Before developing Ishvara pranidhana, progress in yoga is self-centered. We think, “I am making yogic progress through my striving and dispassion.” Ishvara pranidhana supplements such effort with reliance on Ishvara to bestow the ultimate grace called samadhi.
Swami Hariharananda Aranya interprets Patanjali’s thinking: “Through contemplation on God as on a liberated being, the mind in the normal course also becomes calm and thereby concentrated. From knowledge derived through such concentration, the spiritual needs of a yogin are met.”
Let us compare this to taking a test in school. If you were to simply study and take the test, you would get a B+. However, by also sincerely seeking God’s blessings, you do better and earn an A. In all complex fields, an individual can only go so far on his or her own. To truly master any discipline, a qualified teacher or coach is needed. What better teacher for raja yoga than its progenitor and first guru—Ishvara? Taking Ishvara as your teacher is done through the practice of Ishvara pranidhana.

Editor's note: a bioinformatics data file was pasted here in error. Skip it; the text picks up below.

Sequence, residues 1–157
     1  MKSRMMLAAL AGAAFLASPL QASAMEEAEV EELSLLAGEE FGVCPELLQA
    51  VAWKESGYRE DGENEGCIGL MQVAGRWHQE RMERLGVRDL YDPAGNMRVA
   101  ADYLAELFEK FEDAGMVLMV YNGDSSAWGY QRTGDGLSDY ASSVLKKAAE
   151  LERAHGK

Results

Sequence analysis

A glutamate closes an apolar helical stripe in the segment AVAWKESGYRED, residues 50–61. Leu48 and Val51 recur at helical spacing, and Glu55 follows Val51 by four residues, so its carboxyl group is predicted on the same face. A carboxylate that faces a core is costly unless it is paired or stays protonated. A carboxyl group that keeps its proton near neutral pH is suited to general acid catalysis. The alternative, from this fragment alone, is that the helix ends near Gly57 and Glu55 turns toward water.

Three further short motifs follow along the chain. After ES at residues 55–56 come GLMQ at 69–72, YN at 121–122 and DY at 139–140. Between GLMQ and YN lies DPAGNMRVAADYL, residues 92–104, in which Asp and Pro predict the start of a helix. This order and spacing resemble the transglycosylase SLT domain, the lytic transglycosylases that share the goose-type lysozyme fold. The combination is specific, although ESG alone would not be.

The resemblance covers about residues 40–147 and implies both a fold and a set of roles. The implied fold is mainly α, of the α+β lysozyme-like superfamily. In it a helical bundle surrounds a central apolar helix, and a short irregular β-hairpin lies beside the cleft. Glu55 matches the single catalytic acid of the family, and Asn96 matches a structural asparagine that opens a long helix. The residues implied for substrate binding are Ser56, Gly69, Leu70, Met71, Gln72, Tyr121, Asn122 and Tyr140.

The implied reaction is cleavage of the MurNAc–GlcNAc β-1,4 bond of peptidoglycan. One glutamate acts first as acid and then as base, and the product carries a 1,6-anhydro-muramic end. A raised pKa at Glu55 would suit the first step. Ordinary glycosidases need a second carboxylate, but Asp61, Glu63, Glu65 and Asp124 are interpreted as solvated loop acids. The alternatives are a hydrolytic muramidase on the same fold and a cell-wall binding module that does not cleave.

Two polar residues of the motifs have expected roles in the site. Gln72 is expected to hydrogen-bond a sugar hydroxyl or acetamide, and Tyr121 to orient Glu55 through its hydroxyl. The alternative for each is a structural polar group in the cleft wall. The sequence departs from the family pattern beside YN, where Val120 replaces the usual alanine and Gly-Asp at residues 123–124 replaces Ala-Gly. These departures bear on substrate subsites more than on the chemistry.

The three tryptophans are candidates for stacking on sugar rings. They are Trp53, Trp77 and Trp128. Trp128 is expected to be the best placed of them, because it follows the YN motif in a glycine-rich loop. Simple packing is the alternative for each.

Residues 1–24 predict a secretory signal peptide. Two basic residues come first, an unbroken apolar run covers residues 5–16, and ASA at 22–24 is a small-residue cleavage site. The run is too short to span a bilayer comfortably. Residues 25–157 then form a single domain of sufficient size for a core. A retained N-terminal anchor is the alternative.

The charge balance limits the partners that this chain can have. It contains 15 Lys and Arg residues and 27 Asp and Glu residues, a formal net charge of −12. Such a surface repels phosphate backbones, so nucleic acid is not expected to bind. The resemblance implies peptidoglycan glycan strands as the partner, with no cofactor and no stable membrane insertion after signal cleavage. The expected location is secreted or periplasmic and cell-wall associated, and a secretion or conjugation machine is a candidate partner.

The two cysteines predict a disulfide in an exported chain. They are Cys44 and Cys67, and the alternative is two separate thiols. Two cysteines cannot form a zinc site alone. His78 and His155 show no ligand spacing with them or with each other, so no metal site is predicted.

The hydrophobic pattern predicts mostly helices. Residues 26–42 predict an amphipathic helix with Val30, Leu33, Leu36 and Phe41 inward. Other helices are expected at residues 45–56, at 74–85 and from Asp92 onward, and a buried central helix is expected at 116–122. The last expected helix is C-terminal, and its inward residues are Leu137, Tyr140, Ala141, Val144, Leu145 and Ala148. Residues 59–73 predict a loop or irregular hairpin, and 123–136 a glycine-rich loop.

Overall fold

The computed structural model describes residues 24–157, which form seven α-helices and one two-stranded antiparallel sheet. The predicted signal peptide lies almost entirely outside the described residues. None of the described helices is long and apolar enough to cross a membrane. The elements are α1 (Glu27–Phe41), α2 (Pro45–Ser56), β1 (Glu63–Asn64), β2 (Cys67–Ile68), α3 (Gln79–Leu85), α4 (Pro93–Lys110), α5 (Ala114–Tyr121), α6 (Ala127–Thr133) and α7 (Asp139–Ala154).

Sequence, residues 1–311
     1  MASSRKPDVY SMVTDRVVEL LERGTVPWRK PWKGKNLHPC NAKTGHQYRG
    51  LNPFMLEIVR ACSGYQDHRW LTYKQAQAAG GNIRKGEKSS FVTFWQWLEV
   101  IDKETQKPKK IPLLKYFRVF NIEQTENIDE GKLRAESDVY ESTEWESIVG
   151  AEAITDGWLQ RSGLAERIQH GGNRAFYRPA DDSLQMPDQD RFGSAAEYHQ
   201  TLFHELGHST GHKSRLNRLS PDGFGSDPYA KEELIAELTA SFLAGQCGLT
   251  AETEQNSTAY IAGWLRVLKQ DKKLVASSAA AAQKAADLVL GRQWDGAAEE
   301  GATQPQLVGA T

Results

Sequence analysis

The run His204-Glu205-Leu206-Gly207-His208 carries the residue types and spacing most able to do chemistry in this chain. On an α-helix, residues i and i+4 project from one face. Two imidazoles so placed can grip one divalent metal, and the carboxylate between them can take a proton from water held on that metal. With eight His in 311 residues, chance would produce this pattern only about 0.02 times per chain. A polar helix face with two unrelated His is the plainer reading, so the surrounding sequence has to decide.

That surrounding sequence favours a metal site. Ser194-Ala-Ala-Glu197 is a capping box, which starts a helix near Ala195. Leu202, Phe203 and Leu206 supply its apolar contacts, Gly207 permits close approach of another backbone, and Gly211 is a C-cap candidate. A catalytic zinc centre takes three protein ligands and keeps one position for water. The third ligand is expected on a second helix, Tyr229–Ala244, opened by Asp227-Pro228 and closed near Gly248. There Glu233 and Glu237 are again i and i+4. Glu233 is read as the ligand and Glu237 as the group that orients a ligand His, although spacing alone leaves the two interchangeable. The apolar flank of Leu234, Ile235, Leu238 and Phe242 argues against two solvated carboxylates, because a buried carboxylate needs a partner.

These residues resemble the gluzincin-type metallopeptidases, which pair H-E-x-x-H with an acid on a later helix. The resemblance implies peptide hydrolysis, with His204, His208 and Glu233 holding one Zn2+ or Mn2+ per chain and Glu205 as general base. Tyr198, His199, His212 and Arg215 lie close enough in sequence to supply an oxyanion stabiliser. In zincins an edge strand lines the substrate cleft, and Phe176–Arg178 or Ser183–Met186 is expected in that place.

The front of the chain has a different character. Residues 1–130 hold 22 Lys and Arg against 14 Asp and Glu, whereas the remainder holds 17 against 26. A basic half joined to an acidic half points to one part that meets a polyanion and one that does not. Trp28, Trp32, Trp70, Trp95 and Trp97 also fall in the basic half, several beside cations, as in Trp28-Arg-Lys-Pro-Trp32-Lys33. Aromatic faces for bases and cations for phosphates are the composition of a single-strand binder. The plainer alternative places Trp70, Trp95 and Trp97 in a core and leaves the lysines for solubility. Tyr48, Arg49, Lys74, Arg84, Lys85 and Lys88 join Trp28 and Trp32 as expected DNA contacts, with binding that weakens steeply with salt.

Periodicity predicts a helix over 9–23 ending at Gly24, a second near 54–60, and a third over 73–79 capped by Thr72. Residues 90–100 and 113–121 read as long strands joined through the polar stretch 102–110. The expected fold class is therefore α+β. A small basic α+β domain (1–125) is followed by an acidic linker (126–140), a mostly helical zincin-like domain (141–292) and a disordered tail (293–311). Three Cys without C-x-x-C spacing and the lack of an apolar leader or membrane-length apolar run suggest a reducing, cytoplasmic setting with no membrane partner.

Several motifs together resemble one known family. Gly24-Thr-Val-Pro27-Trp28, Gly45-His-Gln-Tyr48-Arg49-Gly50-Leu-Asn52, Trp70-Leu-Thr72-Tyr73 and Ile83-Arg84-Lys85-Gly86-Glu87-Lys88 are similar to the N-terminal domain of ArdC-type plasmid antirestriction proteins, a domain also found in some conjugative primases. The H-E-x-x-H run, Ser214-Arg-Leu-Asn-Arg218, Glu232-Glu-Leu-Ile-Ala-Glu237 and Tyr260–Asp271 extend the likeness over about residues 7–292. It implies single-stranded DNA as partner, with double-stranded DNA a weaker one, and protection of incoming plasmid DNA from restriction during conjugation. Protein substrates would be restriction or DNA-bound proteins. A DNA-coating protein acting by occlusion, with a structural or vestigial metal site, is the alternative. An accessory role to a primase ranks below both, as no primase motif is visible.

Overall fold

My guru gives an insightful description of how the advanced meditator practices self-surrender, or giving up, while experiencing God’s absolute state (Si) and God’s all-pervading consciousness (Va): “While in a dual state of assuming some personal identity, he states, ‘Siva’s will be done,’ as his new and most refined sadhana of giving up the last of personal worldliness to the perfect timing of the infinite conglomerate of force and non-force within him. This he says as a mantra unto himself when he sees and hears in the external world. But when eyes and ears are closed, through the transmuted power of his will he merges into the samadhi of Va and Si and Si and Va, experiencing Reality as himself and himself as Reality.”
As we have shown, surrender is present in three major yogas: bhakti, karma and raja. Its role is central to realizing the deepest attainments of all three disciplines. It is perhaps an irony that to attain our immortal Self we must relinquish our personal self.